Unlike Eclectus parrots, many birds are monomorphic and display no visual differences between genders. Arrange a DNA test to confirm the parrot has been accurately sexed.
Captive female parrots can become gravid without a male companion. This is because their bodies are triggered to produce eggs by favorable environmental conditions (light, warmth, food, etc.)
Cover the cage earlier to reduce natural (and artificial) light so the bird believes the days are shorter. Also, moderate temperatures so its room is less warm, and reduce the amount of food.
Avoid petting the vent, back, or wings because these are reserved for mates. Also, don’t provide a female parrot with anything that could be used for nesting material.
When Will Vets Spay Birds?
A life-threatening medical reason must be present for a vet to justify sterilizing a pet bird. A desire to modify a parrot’s behavior through spaying or neutering won’t suffice.
A vet will assess the parrot and confirm if sterilization surgery is required.
Chronic Egg Laying
Female parrots remain fertile for their entire lifespan, which can be problematic.
Gestation and egg-laying are physically and emotionally exhausting for parrots. Consequently, repeating the process will take a heavy toll on the bird’s body and organs.
If a parrot consistently lays unfertilized eggs, she’s straining her body for no reason. A vet may recommend spaying to prevent chronic egg-laying activity.
When a parrot lays an egg, the cloaca temporarily turns itself inside out.
This cleans the egg, ensuring that oxygen can reach the shell. From here, the embryo within the egg can draw air from tiny spores found on the egg’s exterior.
The cloaca will return to the body. If the laying bird is obese, stressed, lays the egg too soon, or attempts to pass an egg too large, oviductal prolapse may occur.
Oviductal prolapse means the cloaca will remain outside the body and must be manually returned. Sterilization may be the only safe option in instances of regular oviductal prolapse.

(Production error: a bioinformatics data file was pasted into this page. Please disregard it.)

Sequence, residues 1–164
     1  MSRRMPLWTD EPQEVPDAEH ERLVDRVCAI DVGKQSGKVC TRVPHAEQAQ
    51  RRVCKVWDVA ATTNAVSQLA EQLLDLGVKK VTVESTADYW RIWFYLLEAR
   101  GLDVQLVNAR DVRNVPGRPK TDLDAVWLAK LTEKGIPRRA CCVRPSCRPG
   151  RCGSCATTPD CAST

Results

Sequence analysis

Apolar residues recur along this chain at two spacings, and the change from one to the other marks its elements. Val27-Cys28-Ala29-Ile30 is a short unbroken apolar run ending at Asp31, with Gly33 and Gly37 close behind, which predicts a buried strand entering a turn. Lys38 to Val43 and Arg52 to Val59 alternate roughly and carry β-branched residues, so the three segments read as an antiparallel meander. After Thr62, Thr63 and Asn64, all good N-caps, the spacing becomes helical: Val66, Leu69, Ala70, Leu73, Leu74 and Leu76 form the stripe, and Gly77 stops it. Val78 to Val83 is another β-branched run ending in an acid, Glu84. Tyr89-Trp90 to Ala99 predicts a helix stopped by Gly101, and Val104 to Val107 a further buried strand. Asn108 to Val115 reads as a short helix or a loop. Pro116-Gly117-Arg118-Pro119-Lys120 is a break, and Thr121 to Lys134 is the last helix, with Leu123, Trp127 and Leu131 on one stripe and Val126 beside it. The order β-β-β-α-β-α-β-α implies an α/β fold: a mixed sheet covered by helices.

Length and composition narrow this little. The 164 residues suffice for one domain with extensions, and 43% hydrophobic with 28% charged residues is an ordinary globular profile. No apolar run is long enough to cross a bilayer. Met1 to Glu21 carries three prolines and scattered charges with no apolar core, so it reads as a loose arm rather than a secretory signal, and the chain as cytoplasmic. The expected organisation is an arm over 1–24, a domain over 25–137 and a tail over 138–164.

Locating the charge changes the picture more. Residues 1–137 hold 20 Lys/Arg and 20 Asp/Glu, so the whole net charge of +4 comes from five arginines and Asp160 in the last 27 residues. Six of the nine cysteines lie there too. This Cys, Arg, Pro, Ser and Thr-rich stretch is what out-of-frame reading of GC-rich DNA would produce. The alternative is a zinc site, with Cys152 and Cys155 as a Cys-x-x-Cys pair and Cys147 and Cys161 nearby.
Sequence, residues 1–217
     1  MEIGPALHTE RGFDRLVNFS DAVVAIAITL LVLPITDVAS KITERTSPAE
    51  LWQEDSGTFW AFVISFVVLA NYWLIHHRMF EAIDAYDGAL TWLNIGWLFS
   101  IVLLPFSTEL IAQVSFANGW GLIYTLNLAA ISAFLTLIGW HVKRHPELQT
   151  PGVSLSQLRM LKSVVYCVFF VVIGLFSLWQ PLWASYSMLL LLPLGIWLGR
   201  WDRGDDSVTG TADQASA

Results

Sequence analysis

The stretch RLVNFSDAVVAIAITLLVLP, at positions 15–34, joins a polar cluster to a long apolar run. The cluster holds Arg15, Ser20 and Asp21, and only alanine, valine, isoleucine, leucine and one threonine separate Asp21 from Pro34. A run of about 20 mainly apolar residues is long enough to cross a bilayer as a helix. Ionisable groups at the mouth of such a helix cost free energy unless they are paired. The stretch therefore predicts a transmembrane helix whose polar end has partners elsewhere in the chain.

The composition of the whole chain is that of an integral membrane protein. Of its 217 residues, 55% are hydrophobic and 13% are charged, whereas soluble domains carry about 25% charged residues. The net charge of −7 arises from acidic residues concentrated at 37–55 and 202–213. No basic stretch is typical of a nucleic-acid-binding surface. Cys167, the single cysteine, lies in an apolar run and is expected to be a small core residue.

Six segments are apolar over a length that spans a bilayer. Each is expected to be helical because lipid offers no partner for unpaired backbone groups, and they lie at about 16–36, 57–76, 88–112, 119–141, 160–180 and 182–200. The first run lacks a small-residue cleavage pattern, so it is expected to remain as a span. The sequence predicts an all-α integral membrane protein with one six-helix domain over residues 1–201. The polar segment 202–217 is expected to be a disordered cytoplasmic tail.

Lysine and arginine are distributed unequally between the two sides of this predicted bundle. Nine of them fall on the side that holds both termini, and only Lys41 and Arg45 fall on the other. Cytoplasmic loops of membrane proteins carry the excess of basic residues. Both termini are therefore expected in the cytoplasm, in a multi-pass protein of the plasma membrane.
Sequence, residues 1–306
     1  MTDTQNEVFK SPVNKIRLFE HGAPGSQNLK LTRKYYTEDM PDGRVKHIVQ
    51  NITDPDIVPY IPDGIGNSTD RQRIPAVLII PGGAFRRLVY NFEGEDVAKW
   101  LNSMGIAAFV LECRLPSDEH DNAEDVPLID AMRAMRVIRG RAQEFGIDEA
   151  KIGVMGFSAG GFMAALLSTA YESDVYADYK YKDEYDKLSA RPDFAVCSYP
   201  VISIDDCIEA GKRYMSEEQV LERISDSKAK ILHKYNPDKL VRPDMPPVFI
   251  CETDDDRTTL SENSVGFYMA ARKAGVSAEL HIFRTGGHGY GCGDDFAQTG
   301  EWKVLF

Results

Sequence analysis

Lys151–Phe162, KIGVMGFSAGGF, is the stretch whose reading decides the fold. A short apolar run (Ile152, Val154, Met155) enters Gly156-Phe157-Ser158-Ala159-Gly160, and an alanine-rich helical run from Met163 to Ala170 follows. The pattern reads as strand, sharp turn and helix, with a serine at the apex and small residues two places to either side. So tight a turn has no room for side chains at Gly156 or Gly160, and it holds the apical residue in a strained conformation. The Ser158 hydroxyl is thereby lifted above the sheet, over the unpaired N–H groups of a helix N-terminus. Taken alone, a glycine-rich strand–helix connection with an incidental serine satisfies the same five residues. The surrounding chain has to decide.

Egg Yolk Peritonitis (EYP)
EYP arises when a yolk from an egg enters a parrot’s ovary and becomes trapped within the coelomic cavity. Essentially, the parrot is laying an egg within its own body.
When this concern arises, the peritoneum – a membrane that transports blood and other essential fluids throughout the body – becomes inflamed, which is very painful.
Egg yolk peritonitis can be septic, which means the egg yolk trapped within your parrot’s coelomic cavity is contaminated with bacteria. Untreated septic EYP can cause lethal organ damage and toxicity.
All parrots can get EYP once through misfortune or short-term stress during laying.
Pyometra is a bacterial infection of a female parrot’s reproductive organs, leading to a build-up of pus within the ovaries. Older females that have laid multiple clutches face a higher risk of pyometra.
If a parrot develops pyometra, a vet will perform an ovariohysterectomy to remove the infected organs. Left untreated, pyometra will spread to the kidneys and cause premature death.
Polycystic Ovary Syndrome (PCOS)
PCOS is a disease that impacts a female parrot’s reproductive system.
The most common cause of PCOS in parrots is polycystic ovaries – enlargement of the ovaries due to the presence of sacs filled with fluid (called follicles) surrounding any gestating eggs.
According to the Journal of Immunology Research, PCOS is frequently linked to ovarian cancer (OVCA) in parrots and can cause infertility.
PCOS can be managed with diet and lifestyle changes, but a vet may recommend an ovariectomy.
As female parrots grow older and lay multiple clutches of eggs, they’re at greater risk of ovarian neoplasia. This will result in the growth of tumors within the reproductive system.
Contagious viral infections can be the explanation for uterine tumors. The most common is Gallid alphaherpesvirus 1, often known as avian herpesvirus.
Also, Marek’s disease, Pacheco’s disease, leukosis, and reticuloendotheliosis can cause uterine tumors.
Uterine tumors are identified through x-rays and bloodwork, with radiation therapy or chemotherapy required if the concern is captured early enough for treatment.
In addition, a parrot may need her reproductive organs surgically removed.
Mammary or Testicular Cancer
Another avian oncology concern is mammary cancer in females or testicular cancer in males. These may be treated with radiation or involve the surgical removal of the organs.
Parrots can be fixed, but the procedure carries extensive risk. Non-invasive approaches to preventing egg production and hormonal behavior should always be explored first.